Uckfield (East Sussex) Receiving Houses
||I have an 1823 entire with a blue "Uckfield Penny Post" (County Catalogue SX 1236) backstamp, and a type 53 (ie boxed) RH stamp "No 1" in black on the front.
The letter was written from Ripe (a village a few miles SE of Uckfield)
Does anyone know if Ripe was a receiving house for Uckfield, or if not, which Uckfield RH was No 1 ?
Several Uckfield RHs are referred to in the County Catalogue, but No 1 just has the entry "seen 1824"
|28 Aug 11
||We are not experts here, so don't know if this is going to be of any help,
but at least you know we have looked and tried to help
in the Alan Robertson book, it just says that Uckfield had 12 Penny Post
offices, but does not name them.
In the G.F. Oxley book he lists the offices, but Ripe is not one of them,
and they are not allocated a number.
These are the offices listed under the heading Post Towns, sub-Post Towns
and their Receiving Offices :-
Then listed under the heading Post Town, sub Post Town and Receiving office
Under the Type or Fig. No. column, the only number '1' is given to
Uckfield, but we think this may refer to the type of name stamp of the
Receiving House, and not the number of the office.
Ron & Eunice
|29 Aug 11
||Many thanks Ron and Eunice.
Yes, I found the reference in Oxley also.
Why a letter written in Ripe should go through Uckfield is in itself strange.
Ripe isn't very near any of the ROs listed, in fact in 1823, if one were in Ripe, it would be easier to get to Lewes by travelling west along the road at the foot of the South Downs. Access to the Uckfield area would be across the notorious coach-trapping Wealden clays.
As the yokel said when asked for directions, "If Oi were a-going to Lunnon Oi wouldn't start from here"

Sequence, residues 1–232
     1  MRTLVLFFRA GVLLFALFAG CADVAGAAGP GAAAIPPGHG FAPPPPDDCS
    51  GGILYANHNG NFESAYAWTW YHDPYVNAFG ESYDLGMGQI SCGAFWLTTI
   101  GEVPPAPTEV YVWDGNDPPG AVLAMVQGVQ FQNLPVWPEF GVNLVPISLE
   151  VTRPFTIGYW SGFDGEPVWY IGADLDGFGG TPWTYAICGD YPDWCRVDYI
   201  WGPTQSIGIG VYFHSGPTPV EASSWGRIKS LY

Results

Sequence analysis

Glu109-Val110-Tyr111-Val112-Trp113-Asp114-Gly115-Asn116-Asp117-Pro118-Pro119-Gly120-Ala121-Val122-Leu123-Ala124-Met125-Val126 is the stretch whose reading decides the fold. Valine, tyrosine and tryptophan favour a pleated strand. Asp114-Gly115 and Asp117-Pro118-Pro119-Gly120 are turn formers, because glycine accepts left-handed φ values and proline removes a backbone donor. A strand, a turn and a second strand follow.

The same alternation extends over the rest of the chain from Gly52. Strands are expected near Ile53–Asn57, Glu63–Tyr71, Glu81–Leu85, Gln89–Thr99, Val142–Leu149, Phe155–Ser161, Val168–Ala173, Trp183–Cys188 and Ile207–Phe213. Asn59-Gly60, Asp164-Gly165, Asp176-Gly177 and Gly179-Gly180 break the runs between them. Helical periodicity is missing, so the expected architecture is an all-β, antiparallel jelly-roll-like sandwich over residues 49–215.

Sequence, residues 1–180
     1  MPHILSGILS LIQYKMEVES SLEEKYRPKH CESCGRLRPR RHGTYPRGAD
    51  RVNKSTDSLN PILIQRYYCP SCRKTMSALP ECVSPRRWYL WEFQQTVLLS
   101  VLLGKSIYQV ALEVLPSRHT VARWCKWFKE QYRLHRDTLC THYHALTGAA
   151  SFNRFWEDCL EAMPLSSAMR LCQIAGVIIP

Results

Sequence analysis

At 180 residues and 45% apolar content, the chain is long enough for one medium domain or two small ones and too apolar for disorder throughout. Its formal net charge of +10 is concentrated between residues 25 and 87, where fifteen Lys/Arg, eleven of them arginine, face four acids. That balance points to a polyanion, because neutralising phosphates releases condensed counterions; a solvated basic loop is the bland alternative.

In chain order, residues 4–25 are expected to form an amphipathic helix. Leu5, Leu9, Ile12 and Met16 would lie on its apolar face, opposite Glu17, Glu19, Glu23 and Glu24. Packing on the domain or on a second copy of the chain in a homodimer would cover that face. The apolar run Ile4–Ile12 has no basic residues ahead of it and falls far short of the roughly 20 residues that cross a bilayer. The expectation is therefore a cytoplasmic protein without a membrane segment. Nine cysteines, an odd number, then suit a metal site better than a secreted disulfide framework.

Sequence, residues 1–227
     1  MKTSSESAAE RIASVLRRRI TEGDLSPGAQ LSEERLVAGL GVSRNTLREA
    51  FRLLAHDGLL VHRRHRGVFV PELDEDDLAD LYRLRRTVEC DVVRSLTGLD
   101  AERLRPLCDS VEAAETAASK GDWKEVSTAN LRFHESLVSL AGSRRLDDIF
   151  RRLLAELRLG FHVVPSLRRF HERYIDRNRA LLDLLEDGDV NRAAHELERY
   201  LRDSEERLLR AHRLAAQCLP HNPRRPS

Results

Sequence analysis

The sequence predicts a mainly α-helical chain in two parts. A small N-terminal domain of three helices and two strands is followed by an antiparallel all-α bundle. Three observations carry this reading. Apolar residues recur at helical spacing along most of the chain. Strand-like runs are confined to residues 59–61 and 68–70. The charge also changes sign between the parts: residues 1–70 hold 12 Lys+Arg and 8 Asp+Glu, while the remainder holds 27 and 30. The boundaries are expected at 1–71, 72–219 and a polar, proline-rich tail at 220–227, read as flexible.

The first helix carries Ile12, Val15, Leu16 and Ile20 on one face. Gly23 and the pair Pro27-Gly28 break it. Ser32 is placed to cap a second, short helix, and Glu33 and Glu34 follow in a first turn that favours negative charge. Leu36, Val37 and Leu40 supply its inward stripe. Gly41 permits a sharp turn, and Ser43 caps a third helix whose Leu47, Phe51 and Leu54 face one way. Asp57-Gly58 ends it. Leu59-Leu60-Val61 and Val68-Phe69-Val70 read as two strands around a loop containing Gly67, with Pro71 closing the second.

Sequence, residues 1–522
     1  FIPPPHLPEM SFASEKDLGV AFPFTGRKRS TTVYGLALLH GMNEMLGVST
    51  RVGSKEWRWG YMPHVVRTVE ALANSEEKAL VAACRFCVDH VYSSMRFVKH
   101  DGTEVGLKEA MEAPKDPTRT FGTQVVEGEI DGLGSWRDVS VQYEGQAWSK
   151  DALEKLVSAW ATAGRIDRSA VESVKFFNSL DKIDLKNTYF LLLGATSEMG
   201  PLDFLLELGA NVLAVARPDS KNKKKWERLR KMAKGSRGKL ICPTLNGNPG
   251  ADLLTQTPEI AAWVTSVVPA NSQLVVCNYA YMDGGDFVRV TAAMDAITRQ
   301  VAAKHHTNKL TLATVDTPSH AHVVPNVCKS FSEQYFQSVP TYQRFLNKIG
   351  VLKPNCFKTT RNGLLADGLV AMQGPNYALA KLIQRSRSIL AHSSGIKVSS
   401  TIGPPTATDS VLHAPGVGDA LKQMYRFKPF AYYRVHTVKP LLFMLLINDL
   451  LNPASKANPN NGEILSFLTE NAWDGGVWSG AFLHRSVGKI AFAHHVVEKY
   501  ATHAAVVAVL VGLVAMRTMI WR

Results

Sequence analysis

|31 Aug 11
This goes under the case of 'local knowledge' we think. We have a set of
letters written to a lady in Hathersage, and the postmarks all link to Bakewell, whereas we thought it would be much more sensible to be linked with Sheffield.
When we queried this with someone who was also interested in Hathersage postal history, she said that Bakewell was never cut off in
the winter, whereas the route to Sheffield was regularly blocked off with snowfalls.
She said that her grandmother used to walk that route so she knew all about it.
We are surprised that there are not more replies to queries on postal history within the GBPS list here, but Ron's queries on King Edward 8th brought forth a flurry of responses.
We have never had any reply to our query about the charge marks on letters from Ireland to Britain, and we were sure we would have had access to a lot of knowledgeable collectors in the Society.
We have a fair number of old letters, which we have tended to file under postmark types and Eunice has a lot of her articles about the letters on our website at
We are always interested in all aspects of G.B. postal history and if you want to share your expertise we would welcome exchanges of information.
Perhaps off line?
Eunice and Ron
|3 Sep 11
We have found this problem before.
When we put our website on it takes the next word after the url so making it invalid.
I have tried just typing it in rather than cut and paste and hope it comes up OK
Ron and Eunice.
|3 Sep 11
||Thanks Ron & Eunice
As you say, local knowledge. The OS map of 1813 seems to confirm that the then road from Ripe to Lewes was easier (and shorter) than that to Uckfield.
However, looking at a website re the history of Ripe yields the information that the local post went through "Hurst-Green" (that is not the village the other side of Eastbourne but a hamlet near Cross-in-Hand, a village on the Wealden ridge and an RH for Uckfield, although according to Oxley this RH used a No 5 stamp) Not easy of access from Ripe, especially in the winter.
Thus the RH mark "No 1" may possibly refer to Cross-in-Hand ("Hurst-Green") or perhaps an RH in Uckfield itself.
Another point of interest is the charge - "8" in manuscript, consistent with a distance of 50 to 80 miles at 1823 rates. At first sight, this seems rather generous, as the distance from Uckfield to London was considered to be 41 miles, and Ripe is a bare 7 miles further. However, via Cross-in-Hand the total Ripe-London distance would exceed 50 miles. A bit tenuous, but evidence of a sort.
Now looking for more material from the Uckfield area- and hoping a specialist Postal Historian will respond......
|3 Sep 11
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